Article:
Federal Councillor Rudolf Minger before making his speech at Bern’s riding school in November 1940.
Swiss National Museum / ASL
Federal Councillor’s public appearance
There was a time before mobile phones, a time when press photographers were the eyes of an entire nation. Many of the images they captured are now forgotten. For example, Federal Councillor Rudolf Minger’s appearance at Bern’s Reithalle riding arena in November 1940.
Clear the stage for Federal Councillor Minger: on Saturday 30 November 1940, Rudolf Minger, in his capacity as the first Federal Councillor from the Party of Farmers, Traders and Independents (Bauern-, Gewerbe- und Bürgerpartei, now the SVP), addressed an audience in the main hall of Bern’s riding school. Peeking from behind a pillar, we view him side-on from behind.
During his speech, the camera captures a seemingly calm moment. It is a moment of preparation, of weighing up – or perhaps a moment of pausing, of waiting for a reaction. No frantic gestures, no face contorted by rhetoric – and yet the photo conveys a certain tension, a frozen moment of concentration.
Through the eyes of the press photographer, we also see what the audience only partially glimpses: the speaker’s immediate surrounds. The head of the Military Department is standing between two pillars, behind the wooden balustrade of a gallery decorated along the front with conifer twigs. Looking at the image, with the two microphones positioned at some distance in front of the speaker, we can almost hear a sound, that characteristic, rustling sound of historic recordings. Two boxes have been piled up to create a makeshift lectern, and as a result, the Biel firm Gebrüder Schnyder has found its way into this historic document. At the time, the soap and detergent manufacturer had already been around ‘for over 100 years’. The family firm would remain in business until the late 1980s.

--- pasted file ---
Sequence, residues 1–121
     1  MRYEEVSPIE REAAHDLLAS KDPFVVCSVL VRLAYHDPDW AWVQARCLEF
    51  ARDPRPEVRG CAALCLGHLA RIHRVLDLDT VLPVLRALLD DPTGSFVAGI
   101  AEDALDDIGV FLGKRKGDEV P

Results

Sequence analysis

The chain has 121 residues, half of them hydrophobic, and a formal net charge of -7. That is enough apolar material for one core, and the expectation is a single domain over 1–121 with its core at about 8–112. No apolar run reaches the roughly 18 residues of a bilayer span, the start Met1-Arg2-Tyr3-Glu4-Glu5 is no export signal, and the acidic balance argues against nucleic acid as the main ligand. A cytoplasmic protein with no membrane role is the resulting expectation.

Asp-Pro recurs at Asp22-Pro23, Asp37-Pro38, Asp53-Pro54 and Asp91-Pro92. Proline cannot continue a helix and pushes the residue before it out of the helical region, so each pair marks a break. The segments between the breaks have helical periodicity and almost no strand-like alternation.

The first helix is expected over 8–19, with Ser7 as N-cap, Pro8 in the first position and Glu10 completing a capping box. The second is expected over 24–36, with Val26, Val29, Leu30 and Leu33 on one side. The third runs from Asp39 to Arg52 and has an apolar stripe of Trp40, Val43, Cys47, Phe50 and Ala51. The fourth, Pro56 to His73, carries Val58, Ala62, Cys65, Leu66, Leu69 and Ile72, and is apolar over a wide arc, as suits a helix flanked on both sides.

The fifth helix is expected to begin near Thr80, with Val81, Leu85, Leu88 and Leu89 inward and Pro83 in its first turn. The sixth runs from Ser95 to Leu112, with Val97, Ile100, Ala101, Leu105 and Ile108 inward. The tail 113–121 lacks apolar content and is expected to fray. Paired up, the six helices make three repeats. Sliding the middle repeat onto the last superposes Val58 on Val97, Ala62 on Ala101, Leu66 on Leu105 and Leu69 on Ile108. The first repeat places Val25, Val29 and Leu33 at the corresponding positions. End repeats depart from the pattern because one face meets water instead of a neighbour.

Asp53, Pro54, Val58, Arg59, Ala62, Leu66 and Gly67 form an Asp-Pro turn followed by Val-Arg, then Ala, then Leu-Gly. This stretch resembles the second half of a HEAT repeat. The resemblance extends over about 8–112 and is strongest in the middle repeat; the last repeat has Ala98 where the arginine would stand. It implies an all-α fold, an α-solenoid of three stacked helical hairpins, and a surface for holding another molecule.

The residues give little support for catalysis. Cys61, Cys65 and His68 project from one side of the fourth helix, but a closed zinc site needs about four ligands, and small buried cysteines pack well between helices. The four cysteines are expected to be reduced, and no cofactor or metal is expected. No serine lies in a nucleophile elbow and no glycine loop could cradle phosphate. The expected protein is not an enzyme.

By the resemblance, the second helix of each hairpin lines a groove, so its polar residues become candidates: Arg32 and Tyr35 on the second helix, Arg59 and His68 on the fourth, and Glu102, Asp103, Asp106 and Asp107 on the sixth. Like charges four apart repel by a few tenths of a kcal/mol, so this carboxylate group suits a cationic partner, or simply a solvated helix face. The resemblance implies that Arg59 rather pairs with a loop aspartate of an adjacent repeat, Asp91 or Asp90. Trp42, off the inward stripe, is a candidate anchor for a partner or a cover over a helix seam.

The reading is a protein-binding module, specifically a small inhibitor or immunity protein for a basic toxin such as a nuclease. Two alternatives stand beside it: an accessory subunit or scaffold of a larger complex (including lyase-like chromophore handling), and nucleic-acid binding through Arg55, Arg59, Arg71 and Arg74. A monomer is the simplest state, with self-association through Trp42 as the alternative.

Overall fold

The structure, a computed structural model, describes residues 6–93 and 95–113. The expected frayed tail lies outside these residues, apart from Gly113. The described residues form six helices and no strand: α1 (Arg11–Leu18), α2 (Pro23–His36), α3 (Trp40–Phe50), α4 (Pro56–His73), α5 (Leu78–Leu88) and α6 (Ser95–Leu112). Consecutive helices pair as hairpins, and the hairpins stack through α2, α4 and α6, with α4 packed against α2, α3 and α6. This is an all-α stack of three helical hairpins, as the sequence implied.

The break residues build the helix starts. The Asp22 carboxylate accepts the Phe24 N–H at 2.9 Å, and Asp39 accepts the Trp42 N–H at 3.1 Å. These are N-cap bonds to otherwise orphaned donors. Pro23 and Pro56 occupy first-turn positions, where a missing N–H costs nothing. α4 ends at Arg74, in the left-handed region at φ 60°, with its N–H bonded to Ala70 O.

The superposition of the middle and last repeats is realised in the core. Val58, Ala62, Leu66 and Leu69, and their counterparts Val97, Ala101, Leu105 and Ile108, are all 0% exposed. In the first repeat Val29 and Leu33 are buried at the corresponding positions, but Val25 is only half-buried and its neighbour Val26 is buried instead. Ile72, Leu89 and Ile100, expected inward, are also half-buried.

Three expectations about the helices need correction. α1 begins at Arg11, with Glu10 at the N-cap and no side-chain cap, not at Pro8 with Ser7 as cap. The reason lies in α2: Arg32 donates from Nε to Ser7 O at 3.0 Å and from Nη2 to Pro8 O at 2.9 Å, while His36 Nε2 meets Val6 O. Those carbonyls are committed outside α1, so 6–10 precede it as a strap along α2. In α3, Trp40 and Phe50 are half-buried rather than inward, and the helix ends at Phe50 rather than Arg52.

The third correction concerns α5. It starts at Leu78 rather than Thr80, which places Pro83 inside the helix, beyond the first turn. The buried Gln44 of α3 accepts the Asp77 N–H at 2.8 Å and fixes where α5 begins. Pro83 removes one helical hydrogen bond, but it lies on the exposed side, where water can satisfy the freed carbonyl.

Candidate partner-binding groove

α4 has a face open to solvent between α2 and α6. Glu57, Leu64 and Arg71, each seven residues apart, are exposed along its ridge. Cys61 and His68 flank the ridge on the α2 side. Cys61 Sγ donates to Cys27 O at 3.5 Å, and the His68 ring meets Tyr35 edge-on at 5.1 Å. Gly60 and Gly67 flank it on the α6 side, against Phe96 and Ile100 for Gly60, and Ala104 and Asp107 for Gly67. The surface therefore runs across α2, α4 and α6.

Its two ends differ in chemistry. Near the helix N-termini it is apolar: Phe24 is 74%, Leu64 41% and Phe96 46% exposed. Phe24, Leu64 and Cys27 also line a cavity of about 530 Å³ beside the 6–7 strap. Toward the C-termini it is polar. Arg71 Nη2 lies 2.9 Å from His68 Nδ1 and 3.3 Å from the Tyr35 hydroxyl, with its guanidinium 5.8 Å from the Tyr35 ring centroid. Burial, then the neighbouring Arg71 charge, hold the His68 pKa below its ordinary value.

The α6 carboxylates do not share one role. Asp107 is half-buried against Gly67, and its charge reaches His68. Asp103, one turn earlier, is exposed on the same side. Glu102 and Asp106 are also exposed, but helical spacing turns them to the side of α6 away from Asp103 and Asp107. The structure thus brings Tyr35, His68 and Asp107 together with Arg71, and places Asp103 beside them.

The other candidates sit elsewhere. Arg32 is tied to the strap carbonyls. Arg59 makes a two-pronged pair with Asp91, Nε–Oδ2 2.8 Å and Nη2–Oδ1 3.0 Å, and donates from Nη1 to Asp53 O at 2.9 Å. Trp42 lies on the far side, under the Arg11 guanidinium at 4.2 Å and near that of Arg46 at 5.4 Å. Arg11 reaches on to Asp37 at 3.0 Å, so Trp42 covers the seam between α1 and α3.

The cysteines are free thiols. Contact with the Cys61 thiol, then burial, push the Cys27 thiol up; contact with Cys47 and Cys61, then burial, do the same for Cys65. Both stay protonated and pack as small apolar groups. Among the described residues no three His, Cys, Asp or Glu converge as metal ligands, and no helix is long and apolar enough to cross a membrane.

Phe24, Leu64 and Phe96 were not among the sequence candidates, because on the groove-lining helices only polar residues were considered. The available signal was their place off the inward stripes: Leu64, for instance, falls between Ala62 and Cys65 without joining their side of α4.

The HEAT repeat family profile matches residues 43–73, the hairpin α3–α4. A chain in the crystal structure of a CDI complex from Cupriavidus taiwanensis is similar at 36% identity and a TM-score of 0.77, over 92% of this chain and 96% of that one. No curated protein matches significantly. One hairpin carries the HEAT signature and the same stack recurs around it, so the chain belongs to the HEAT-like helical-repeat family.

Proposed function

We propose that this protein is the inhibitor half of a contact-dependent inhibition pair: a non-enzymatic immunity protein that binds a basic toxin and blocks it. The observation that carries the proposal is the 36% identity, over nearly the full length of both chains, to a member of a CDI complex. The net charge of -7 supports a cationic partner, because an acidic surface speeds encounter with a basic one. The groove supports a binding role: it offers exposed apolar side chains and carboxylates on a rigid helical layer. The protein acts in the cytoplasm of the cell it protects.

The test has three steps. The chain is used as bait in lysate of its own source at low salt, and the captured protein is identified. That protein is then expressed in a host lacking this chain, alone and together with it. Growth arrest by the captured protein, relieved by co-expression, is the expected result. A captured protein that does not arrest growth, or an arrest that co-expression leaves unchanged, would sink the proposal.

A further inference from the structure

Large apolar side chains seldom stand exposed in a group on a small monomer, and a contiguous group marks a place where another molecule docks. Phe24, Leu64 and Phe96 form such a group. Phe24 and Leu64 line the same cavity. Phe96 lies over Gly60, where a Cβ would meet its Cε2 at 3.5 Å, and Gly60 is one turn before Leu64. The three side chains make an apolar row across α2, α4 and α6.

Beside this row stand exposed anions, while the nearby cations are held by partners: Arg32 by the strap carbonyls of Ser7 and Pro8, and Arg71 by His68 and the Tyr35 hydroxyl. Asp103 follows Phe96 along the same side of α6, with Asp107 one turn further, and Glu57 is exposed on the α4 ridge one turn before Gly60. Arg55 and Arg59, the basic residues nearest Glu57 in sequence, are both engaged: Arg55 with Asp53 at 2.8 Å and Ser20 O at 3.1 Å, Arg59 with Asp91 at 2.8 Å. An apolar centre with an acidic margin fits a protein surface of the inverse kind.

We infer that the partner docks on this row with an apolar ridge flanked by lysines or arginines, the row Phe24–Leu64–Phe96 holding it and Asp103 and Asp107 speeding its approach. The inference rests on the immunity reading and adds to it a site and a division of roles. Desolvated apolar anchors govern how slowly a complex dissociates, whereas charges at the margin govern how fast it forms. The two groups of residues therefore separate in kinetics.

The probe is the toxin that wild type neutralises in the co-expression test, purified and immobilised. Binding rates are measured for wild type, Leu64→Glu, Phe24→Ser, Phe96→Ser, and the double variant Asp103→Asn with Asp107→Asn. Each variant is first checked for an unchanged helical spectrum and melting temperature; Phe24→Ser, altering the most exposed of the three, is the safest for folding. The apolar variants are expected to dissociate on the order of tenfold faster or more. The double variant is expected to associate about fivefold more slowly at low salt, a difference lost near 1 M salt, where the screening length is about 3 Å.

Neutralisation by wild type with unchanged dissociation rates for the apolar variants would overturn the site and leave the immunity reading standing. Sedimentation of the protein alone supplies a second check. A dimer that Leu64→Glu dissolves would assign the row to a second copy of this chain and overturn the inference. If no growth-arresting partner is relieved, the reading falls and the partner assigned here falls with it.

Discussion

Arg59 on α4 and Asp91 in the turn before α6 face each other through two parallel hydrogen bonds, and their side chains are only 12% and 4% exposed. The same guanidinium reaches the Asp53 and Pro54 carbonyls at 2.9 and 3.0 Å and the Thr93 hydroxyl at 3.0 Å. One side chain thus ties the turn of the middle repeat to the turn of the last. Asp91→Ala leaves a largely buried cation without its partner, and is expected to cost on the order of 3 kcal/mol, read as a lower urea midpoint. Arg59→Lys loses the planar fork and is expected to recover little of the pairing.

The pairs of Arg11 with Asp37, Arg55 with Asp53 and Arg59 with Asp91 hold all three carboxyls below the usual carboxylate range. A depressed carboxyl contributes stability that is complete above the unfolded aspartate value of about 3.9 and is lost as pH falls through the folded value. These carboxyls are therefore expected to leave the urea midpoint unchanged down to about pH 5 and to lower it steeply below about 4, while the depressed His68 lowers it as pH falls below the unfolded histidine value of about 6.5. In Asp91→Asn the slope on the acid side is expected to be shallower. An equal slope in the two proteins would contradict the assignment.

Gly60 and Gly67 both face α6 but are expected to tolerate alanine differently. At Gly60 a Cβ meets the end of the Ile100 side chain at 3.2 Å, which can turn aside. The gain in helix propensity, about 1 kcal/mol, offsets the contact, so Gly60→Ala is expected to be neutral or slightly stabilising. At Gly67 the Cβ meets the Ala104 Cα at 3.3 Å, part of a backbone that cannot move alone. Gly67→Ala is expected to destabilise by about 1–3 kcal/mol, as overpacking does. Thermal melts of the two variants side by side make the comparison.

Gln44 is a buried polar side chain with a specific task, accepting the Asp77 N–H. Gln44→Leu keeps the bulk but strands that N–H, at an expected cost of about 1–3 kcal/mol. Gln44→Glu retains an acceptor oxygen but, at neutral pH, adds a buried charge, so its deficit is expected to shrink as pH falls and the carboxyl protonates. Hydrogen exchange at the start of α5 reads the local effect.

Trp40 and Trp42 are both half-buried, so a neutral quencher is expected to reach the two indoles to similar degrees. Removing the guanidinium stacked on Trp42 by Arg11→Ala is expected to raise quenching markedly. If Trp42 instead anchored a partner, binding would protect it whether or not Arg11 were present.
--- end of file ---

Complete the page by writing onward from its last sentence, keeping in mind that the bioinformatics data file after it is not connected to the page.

To the left of Federal Councillor Minger stands an empty chair. It’s not the only empty space that draws the eye. In the dark cavern of the hall stands the audience; a few faces can be dimly made out as specks of brightness in the gloom. When Rudolf Minger urged this crowd to support the introduction of compulsory military training for able-bodied 16 to 19-year-olds, we can only guess at the reactions of the audience. A day later, however, on the referendum Sunday, the verdict was clear: 55.7% of voters opposed the bill – in the middle of the Second War, and much to Minger’s disappointment.
The press photo agency ASL
Actualités Suisses Lausanne (ASL) was founded by Roland Schlaefli in 1954, and until its closure in 1999 was the leading press photo agency in western Switzerland. In 1973, Schlaefli also took over the archive of Agentur Presse Diffusion Lausanne (PDL), founded in 1937. The holdings of the two agencies comprise approximately six million images (negatives, prints, slides). In the broad range of subjects covered, there is a focus on federal politics, sport and western Switzerland. The agency opted not to take the step into the digital age. Since 2007, the archives of ASL and PDL have been held by the Swiss National Museum. The blog presents, in a loose chronology, images and photo sequences that particularly stood out when the collections were being recatalogued.